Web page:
Seeing as there are still ample amounts of apples dive-bombing from trees ( you can almost hear them calling "geronimo!" ) and a distinct shortage of muffins in these parts, the only logical step to take is towards apple muffins. The secret core (I'm aware it's a terrible pun thank you) of these muffins is an apple cider reduction cheerfully lifted from a recipe for cider cupcakes in one of my new favourite recipe books Cooking with Booze (discovered by Eoin). Despite being a pint-sized (I tried not to write that, I really did) 7 1/2 x 5 inches there are enough recipes, both sweet and savoury and all packed with booze, to appeal to you no matter what your poison.
I bought my bottle of cider, camouflaged in obligatory brown paper bag, and set it to boil on the hob until my kitchen began to smell something like The Liberty Pub in Cork, a barely even hole-in-the-wall of a pub which used to sell only flagons of cider and curiously no longer exists. I can offer no details as that would be mean asking a girl to dredge up memories of student days and that just won't do.
Boiling off the alcohol mellows the Jekyll and Hyde nature of the cider and instead of picking a fight with the rest of the ingredients it settles down cosily in front of the fire with a pint and a packet of crisps (Tayto's). A thick layer of crumble topping helps to keep everything snug. Tart eating apples work really well here and you can add as much or as little cinnamon as you like. I suppose you could use apple juice or even just milk in place of the cider, but you might lose some of the depth of appley flavour. Give it a try at least once otherwise I might have to get angry. You wouldn't like me when I'm angry.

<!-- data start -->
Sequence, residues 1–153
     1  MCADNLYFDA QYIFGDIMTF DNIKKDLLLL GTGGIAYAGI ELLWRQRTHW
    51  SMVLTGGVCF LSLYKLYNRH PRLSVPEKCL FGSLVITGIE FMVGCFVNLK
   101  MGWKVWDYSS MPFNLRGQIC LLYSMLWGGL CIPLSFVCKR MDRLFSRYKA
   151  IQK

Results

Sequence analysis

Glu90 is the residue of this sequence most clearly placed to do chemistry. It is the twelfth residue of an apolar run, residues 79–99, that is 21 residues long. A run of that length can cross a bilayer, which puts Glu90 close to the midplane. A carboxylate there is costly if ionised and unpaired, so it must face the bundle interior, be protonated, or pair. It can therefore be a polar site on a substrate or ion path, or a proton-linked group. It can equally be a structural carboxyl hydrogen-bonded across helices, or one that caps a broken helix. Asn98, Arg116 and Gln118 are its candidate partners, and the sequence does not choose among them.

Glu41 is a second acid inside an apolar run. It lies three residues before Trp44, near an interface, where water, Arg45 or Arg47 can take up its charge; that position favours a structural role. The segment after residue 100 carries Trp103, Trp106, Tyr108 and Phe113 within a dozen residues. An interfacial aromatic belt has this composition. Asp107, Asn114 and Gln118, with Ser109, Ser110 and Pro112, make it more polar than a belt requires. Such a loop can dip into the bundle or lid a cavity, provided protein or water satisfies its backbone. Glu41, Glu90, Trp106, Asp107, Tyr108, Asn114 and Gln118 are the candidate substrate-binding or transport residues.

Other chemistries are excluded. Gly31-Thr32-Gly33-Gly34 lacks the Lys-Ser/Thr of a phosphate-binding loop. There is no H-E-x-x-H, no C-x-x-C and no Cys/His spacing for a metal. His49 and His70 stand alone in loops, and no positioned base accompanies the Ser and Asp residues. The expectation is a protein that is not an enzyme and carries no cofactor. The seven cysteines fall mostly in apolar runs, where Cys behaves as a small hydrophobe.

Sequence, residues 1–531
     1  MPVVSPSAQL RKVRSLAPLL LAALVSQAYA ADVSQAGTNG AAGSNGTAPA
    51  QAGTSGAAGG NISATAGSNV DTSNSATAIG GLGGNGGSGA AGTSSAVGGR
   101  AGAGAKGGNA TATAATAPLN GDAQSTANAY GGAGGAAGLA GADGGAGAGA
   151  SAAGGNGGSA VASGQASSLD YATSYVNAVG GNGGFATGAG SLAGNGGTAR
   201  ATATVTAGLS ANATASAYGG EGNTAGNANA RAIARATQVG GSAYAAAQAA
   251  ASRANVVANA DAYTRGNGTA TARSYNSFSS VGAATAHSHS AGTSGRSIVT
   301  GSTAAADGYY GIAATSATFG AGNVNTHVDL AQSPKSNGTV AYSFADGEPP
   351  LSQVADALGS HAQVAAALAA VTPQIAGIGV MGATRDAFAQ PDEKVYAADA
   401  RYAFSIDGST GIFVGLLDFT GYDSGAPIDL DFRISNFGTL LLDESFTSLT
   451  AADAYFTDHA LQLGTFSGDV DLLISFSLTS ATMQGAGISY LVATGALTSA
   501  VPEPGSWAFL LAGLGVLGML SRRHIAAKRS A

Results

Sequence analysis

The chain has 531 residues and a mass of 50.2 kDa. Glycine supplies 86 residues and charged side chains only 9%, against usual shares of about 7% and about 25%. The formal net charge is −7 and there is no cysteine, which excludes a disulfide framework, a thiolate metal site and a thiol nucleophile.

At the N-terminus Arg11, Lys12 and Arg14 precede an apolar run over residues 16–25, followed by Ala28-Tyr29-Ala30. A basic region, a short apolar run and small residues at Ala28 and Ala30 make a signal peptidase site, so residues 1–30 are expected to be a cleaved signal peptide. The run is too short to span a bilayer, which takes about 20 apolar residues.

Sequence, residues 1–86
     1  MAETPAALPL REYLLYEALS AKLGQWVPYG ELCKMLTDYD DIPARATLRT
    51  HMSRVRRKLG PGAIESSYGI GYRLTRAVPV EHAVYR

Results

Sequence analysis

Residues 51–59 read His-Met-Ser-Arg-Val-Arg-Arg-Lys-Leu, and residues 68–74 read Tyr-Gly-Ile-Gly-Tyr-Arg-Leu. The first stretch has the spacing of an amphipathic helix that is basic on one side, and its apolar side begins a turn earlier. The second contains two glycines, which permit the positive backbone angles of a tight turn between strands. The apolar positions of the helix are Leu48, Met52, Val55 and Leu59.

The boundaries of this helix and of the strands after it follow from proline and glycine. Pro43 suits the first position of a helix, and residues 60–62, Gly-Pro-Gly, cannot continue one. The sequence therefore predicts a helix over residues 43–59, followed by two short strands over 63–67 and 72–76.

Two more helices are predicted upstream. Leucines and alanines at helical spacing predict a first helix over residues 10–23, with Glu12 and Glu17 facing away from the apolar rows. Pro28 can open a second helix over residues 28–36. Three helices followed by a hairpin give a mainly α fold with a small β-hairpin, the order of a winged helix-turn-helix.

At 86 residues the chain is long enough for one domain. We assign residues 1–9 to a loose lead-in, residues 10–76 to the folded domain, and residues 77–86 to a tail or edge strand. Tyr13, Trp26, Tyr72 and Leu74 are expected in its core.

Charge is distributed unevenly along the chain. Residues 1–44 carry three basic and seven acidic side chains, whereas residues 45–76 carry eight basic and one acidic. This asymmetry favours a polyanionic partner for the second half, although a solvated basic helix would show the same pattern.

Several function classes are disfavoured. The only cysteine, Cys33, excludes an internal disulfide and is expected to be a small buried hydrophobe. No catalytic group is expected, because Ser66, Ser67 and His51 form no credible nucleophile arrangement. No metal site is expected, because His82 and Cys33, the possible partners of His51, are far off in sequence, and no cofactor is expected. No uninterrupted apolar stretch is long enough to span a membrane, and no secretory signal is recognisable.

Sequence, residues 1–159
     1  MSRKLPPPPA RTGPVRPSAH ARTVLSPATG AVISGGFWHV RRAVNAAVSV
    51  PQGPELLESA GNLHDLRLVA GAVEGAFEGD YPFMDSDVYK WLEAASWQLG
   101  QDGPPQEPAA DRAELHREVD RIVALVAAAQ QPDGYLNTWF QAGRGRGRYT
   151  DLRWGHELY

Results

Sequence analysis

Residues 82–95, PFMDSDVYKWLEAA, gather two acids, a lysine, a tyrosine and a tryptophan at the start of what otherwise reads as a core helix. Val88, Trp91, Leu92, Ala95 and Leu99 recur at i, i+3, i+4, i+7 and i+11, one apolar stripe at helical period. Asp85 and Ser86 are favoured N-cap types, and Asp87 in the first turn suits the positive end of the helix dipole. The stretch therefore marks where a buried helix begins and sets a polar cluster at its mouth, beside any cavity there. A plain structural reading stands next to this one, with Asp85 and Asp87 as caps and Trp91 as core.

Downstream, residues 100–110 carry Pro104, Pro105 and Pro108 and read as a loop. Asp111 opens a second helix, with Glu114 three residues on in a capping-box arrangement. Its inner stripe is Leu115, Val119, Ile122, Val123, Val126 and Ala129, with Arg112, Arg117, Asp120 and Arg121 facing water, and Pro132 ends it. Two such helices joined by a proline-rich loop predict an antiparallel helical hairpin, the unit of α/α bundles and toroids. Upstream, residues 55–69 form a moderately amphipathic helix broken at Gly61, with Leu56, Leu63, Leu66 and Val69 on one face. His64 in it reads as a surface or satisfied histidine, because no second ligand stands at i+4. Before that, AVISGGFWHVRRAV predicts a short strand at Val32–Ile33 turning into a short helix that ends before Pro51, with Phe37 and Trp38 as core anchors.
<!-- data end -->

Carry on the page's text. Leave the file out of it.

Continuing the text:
P.S. Thank you muchly to Sarah for a lovely evening of food and company last night. And Maz, Jen and Maeve too!
CIDER APPLE MUFFINS
- 300g plain flour
- 125g brown sugar
- 1 tbsp baking powder
- pinch of salt
- 3/4 tsp cinnamon, or to taste
- tiny pinch of ground cloves
- 500ml apple cider
- 140ml flavourless oil, rapeseed or sunflower
- 1 egg
- 1 medium apple
- 40g plain flour
- 50g brown sugar
- 25g flaked almonds
- 25g butter, melted
- Preheat the oven to 200 C and line a 6 hole jumbo muffin tin (or 12 hole regular muffin tin) with paper cases or use squares of greaseproof paper, buttering the bases to keep the paper in place. Pour the cider into a saucepan and boil over a medium/high heat to reduce by a little over half and measure out 180ml of cider. Set aside to cool while you get the muffin batter ready. Combine the flour, sugar and nuts from the crumble ingredients in a small bowl and set aside also.
- Place the flour, sugar, baking powder, cinnamon, cloves and pinch of salt in a large bowl and stir with a whisk to combine ( I use a whisk to stir because I'm too lazy to sieve the flour). Peel, grate or finely dice the apple and put it in the bowl with the dry ingredients and stir in with a fork. Put the reduced cider in a large jug or medium mixing bowl, add the vegetable oil next to help cool the cider further before adding the egg (scrambled eggs are not good in this recipe!). Beat the wet ingredients together lightly, Make a well in the dry ingredients and pour in the wet mixture using a fork to combine the batter. Mix only long enough to combine overmixing will make the muffins heavy instead of light and fluffy.
- Transfer the batter to the muffin cases using a tablespoon. Stir enough butter into the crumble ingredients to make a moist crumble and scatter generously over the top of the muffin batter. Bake in the oven until risen, golden and springy when pressed lightly in the centre. Large muffins will take 35-40 minutes and regular sized ones will take about 25-30 minutes. Transfer to a wire rack to cool a little before diving in.
- The muffins are best eaten warm on the day you bake them, but you could store them overnight in an airtight tin and warm them in the microwave (or oven) the next day.
Makes 6 large or 12 regular muffins.